WOODBINE, Md. — Take a drive out to western Howard County and you'll see farm land stretch for miles into the horizon.
Days End Farm Horse Rescue in Woodbine is nestled among these farms, with dozens of horses grazing in the fields or hanging out in the barns.
All of the horses have a story and many of them are heartbreaking, like the story of a small herd of miniature horses that came to the farm two months ago. They had a number of health issues including parasites, hoof and dental neglect and malnourishment, said De Ette Hillman, the equine programs director at the farm. One of mini's, Arlo, could barely stand.
The team at Days End Farm worked around the clock to get Arlo and the other mini's back up to good health.
"They've all progressed through that more scary, dangerous side of reintroducing food, so now they're all up to their maximum levels," said Hillman. "Now it's just their bodies doing what they need to do to get back into condition."
This is just one example of the rehabilitation work being done at Days End Farm and just a few of the abused and neglected horses that are treated every year.
Each year the farm takes in about 160 horses, said Caroline Robertson Herman, the development director at Days End Farm. This year marks their 30th anniversary in helping to rescue and rehabilitate equines.
"When a horse comes to Days End Farm, it's quite a dire situation," she said. "They come in essentially as living evidence in a court case."
Days End Farm teams up with law enforcement and animal control groups from around the state to take in horses that are part of abuse cases. It's a service they offer for free.
"So not only are we needing to understand what we need to do to help the horse heal, but we also need to document the conditions to continue on the support of the criminal case," said Hillman.
Horses come to the farm with a variety of critical health problems. Some of the worst cases have been horses with hooves so long they curl upward into what's called a "slipper hoof." Others are so weak they need a lift just to stand to get into a stall.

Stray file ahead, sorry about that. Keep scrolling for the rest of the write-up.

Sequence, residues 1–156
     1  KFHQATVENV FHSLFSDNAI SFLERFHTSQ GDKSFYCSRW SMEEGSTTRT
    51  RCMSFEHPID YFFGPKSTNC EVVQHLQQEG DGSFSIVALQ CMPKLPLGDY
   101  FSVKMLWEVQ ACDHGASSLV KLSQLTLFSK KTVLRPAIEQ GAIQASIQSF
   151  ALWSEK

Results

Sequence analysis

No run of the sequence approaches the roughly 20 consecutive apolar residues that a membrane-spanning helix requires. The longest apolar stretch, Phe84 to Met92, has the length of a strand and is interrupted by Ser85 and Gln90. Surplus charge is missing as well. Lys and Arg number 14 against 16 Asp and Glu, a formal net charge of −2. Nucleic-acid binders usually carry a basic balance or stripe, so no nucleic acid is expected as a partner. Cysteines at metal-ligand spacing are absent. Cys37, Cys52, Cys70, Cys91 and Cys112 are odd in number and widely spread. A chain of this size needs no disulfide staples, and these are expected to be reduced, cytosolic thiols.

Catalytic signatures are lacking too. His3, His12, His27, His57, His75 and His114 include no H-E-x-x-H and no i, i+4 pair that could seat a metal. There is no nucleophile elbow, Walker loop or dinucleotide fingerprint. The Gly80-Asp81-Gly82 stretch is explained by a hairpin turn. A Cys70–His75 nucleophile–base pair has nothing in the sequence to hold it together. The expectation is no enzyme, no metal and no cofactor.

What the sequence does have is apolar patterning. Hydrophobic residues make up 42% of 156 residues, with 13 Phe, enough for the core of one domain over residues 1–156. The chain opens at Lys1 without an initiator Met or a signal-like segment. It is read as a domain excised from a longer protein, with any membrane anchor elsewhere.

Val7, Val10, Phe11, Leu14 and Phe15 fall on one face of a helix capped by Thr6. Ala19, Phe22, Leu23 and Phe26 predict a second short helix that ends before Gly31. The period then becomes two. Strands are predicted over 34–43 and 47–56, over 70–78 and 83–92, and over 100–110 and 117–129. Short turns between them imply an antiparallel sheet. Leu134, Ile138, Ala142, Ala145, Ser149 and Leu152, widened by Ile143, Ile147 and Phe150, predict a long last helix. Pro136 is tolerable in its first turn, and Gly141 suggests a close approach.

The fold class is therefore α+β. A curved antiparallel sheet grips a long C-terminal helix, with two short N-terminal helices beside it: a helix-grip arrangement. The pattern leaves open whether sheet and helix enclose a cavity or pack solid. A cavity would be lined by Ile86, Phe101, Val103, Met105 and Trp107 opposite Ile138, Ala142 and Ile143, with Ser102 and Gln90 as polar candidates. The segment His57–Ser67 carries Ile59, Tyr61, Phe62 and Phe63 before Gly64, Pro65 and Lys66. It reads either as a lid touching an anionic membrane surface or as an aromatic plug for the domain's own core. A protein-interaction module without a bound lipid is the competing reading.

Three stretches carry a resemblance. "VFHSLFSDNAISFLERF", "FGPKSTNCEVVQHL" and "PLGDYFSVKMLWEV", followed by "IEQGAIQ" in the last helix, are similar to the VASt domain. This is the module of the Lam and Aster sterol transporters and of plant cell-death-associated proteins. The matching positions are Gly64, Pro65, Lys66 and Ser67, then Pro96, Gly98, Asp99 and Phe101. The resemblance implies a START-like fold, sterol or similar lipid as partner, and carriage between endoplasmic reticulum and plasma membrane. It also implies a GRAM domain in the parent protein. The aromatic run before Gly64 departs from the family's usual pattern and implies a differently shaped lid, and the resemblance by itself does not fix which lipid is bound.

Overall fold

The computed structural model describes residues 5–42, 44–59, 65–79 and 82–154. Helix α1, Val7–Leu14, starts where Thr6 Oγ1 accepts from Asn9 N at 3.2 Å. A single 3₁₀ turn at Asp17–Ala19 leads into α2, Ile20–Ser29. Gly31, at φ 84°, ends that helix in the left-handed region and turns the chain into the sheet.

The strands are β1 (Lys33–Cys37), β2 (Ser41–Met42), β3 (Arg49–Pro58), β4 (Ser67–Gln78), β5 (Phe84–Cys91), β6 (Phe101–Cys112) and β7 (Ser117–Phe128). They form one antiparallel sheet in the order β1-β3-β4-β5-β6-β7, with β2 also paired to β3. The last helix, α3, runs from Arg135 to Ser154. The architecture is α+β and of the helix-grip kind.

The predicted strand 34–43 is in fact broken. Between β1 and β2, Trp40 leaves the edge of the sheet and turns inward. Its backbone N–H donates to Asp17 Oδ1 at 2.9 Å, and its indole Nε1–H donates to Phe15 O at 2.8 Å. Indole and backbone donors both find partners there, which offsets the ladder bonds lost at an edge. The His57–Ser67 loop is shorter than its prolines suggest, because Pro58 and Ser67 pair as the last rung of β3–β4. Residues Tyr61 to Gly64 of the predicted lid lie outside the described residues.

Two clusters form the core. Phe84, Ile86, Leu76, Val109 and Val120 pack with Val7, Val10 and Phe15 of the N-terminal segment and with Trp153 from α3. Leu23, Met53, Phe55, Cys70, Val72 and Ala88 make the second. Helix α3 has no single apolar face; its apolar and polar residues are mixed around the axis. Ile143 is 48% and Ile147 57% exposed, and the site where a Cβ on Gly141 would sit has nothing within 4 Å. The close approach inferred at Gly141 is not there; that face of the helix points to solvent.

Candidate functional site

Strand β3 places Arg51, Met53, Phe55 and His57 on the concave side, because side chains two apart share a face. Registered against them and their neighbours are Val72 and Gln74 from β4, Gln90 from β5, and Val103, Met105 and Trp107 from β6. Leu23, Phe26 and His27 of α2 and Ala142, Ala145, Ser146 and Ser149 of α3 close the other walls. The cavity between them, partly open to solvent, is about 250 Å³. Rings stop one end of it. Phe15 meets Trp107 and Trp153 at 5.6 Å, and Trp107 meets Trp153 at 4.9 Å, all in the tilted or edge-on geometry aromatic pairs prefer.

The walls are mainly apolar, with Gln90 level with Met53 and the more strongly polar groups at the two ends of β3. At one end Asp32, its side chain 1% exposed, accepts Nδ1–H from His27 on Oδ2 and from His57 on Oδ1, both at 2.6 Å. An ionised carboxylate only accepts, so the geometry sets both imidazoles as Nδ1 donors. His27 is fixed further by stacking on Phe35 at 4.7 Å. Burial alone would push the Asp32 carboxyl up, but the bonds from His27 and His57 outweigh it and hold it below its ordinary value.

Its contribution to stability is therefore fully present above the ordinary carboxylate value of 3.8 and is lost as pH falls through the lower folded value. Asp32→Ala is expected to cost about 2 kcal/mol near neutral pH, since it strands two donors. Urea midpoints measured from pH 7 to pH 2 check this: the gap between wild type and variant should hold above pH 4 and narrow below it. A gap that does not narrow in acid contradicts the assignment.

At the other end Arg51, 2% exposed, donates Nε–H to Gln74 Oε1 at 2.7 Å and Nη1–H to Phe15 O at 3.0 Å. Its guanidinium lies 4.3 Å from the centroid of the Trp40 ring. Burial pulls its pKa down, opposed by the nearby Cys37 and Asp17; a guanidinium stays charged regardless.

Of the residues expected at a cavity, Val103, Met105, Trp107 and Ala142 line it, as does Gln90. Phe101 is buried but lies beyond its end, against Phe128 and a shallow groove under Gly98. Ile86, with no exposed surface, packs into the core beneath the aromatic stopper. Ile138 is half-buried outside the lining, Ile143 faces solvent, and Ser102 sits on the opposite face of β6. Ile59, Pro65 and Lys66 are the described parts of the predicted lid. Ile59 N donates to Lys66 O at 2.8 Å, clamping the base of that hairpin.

But no matter how bad of shape a horse is in, the staff at Days End Farm gives each one a fighting chance to survive.
"They're so good at what they do that when the horses come in the state that they do, you just know that there is such a high chance that they're going to make it and look amazing," said Herman.
The courts will eventually sign ownership over to Days End Farm, allowing them to do what's necessary to adopt out the horse. Herman says the farm has a 94% rehabilitation rate and a 96% adoption rate.
And they couldn't do what they do without an army of volunteers.
"This is where it's at for horse rescue. These people are the absolute top," said Patricia Ceppos, who has volunteered at the farm for two years.
Ceppos said one of the hardest parts of the work is also the most motivating.
"They come in and look like walking skeletons, some of them need assistance to get to the stall," she said. "You immediately look at it and you're horrified, and you're like 'Ok, we have work to do.'"
When they're not saving horses, the staff is educating the public about animal abuse and welfare. They host workshops for people of all ages and employ a miniature horse named Vinni the Mini, who came in as a neglect case in 2018, to make special trips outside the farm to places like schools and nursing homes.
The staff and volunteers believe the more they can educate people about animal welfare, the fewer cases of abuse they will see.
"We want to work ourselves out of a job, we want to prevent this from having to happen," said Hillman. "That keeps us focus, keeps us passionate and keeps us working harder to broaden our impact and help more horses."
Days End Farm is hosting a fall festival on September 27 and 28 to celebrate its 30th anniversary and raise money for its rescue and rehabilitation efforts. For details about the festival, click here.